Enter the Dragon
Travelling to China has been a career and personal ambition for longer than I can remember. As an avid explorer, 207 cities in 39 countries and counting, it’s not often you feel such trepidation and excitement. Having admired from a far, the time is finally here, and in the year of the dragon no less!
I first wrote about China’s search engine Baidu in 2008, wondering if it could be the Google-leveller many hoped would bring the market more competition. If only Baidu could export its product outside China, as it had begun to do at the time in Japan. This hasn’t happened. Instead Baidu saw the benefits of a one player position once Google exited China in 2010. However, I have learned Baidu is finally thinking of going global, with roll out plans to 50% of the global market within the next two years.
Visiting China for the first time, I finally understand why Chinese companies don’t worry about external markets. You can’t quite grasp the size of the Chinese digital population until you realise every discussion is in millions, not thousands. A significant mental shift to get your head around. With 513 million online and growing, that is more than the digital populations of the USA, India, Brazil, Russia and Canada combined.
The Chinese know how to replicate like no one else and with limited copyright restrictions this has led to a lot of cookie cutter players reminiscent of big western players. One technology company told me SinaWeibo, the local Twitter equivalent, has such a perfect replica of Twitter’s API, that they can easily take their analytics tool global. Another recent example is the growth of GroupOn and similar special offer/ voucher sites globally in the past 12 months, which has resulted in 40+ replicas popping up in China, including one called GroupOn.cn, which isn’t the global brand’s Chinese operation. This meant that by the time GroupOn wanted to enter the market they had to do so as a new brand, Gaopeng. com. China gets digital in a big way, but it’s not just copying, there is innovation too.Key China Stats:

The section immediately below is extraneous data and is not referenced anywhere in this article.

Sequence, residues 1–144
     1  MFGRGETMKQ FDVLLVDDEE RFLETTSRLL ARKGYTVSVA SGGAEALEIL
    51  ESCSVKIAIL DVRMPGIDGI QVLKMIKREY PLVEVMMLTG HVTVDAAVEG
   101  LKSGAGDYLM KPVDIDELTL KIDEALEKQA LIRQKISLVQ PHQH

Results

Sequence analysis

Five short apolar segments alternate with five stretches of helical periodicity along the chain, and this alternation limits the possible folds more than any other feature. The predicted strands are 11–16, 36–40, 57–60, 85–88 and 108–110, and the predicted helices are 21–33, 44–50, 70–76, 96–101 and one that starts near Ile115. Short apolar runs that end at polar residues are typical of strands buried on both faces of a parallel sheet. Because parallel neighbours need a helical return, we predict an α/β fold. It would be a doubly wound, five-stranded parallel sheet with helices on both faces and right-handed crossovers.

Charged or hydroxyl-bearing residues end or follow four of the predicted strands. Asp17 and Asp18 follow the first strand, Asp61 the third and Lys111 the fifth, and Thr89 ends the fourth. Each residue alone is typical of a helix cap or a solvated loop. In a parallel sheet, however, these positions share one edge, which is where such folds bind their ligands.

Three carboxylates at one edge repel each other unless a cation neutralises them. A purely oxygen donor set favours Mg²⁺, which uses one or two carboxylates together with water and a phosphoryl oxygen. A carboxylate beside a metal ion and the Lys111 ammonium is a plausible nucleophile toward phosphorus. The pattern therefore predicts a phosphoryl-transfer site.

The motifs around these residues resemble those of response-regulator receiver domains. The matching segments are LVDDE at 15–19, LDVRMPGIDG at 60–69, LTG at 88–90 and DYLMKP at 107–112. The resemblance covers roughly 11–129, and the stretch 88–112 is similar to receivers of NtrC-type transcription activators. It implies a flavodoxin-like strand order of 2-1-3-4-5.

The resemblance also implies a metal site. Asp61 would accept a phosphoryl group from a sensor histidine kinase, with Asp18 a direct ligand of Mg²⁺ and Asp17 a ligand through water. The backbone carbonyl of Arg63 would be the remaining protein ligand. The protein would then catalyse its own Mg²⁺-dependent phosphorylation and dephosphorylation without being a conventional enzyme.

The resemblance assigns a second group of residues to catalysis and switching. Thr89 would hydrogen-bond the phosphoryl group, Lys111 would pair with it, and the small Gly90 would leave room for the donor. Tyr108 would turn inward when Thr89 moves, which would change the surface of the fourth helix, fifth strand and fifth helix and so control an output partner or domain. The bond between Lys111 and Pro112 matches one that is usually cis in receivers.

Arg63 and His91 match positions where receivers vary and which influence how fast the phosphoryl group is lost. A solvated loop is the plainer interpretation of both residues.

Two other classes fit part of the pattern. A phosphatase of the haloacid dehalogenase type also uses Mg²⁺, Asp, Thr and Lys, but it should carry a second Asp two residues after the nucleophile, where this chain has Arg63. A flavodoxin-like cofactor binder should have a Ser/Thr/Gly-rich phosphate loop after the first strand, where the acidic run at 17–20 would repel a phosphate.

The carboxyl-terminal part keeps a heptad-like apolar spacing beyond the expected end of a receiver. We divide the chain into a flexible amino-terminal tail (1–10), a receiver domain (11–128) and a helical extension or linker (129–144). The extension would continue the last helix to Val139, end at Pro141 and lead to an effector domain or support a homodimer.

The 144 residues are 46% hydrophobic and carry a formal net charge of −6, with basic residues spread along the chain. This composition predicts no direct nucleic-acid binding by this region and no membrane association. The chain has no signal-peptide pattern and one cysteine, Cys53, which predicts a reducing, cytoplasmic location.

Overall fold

- China has 513m internet users (CNNIC)
- At just 38% internet penetration so far, with low cost broadband rates, this is advancing at 5m+ new users per month
- Known as Netizens, in major cities they now spend more time online than TV, (36 hours per week) and even in smaller tier 3 cities they still spend more time online than their USA peers (CTR 1H 2011)
- 57% of users are under 30, educated, and wealthier compared to the China average (CNNIC, National Bureau of Statistics, GroupM)
- China’s online ad market grew at 57% to reach RMB 51bn in 2011 and online ad spending surpassed print advertising (iResearch, GroupM)
So who is who in the China digital media market? The old business adage - stick to one thing and make sure you do it better than anyone else - is one rule that China’s internet giants don’t seem to follow. In fact, they do the opposite. They have multiple routes to market. Many of the top ten players are portals, often with one dominant product - not dissimilar to Google’s approach, leading with search, but with multiple secondary products to ensure a diverse portfolio.
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